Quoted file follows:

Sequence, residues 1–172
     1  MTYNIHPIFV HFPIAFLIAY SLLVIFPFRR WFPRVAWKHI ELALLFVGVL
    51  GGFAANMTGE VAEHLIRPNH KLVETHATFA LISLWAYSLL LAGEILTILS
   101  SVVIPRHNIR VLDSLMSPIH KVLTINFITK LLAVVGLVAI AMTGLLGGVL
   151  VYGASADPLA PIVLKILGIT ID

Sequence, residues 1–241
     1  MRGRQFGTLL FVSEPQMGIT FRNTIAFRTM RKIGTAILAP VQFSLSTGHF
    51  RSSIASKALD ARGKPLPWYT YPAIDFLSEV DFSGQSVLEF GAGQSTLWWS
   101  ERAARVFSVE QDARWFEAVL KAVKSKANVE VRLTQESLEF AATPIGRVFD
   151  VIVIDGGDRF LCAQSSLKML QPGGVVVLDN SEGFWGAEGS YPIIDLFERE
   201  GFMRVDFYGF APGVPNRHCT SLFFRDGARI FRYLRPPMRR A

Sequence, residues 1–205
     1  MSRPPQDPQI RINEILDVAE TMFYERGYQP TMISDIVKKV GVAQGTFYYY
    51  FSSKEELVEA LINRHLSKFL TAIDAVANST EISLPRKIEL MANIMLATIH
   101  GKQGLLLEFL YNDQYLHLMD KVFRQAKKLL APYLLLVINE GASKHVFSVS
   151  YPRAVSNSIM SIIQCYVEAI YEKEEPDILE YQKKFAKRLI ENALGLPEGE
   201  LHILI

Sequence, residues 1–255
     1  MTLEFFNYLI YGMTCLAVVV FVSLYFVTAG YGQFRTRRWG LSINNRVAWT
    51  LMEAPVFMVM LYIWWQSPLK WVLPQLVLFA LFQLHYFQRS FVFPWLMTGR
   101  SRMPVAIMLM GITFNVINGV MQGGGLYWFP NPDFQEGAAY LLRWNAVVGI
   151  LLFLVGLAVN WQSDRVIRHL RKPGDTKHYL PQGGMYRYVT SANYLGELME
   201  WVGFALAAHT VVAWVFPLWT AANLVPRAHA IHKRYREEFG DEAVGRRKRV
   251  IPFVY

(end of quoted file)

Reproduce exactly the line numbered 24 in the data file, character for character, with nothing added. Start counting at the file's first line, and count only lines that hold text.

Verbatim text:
   251  IPFVY